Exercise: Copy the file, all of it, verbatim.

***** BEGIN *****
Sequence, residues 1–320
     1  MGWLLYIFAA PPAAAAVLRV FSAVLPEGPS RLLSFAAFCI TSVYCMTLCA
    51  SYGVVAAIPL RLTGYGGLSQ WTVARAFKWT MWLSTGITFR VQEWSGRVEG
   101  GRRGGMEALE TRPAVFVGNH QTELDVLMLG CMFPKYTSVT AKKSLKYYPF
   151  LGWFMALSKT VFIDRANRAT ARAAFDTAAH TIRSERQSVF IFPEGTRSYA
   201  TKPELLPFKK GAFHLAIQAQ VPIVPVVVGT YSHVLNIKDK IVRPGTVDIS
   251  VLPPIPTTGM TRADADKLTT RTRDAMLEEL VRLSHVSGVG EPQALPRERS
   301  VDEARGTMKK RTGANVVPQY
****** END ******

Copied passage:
Sequence, residues 1–320
     1  MGWLLYIFAA PPAAAAVLRV FSAVLPEGPS RLLSFAAFCI TSVYCMTLCA
    51  SYGVVAAIPL RLTGYGGLSQ WTVARAFKWT MWLSTGITFR VQEWSGRVEG
   101  GRRGGMEALE TRPAVFVGNH QTELDVLMLG CMFPKYTSVT AKKSLKYYPF
   151  LGWFMALSKT VFIDRANRAT ARAAFDTAAH TIRSERQSVF IFPEGTRSYA
   201  TKPELLPFKK GAFHLAIQAQ VPIVPVVVGT YSHVLNIKDK IVRPGTVDIS
   251  VLPPIPTTGM TRADADKLTT RTRDAMLEEL VRLSHVSGVG EPQALPRERS
   301  VDEARGTMKK RTGANVVPQY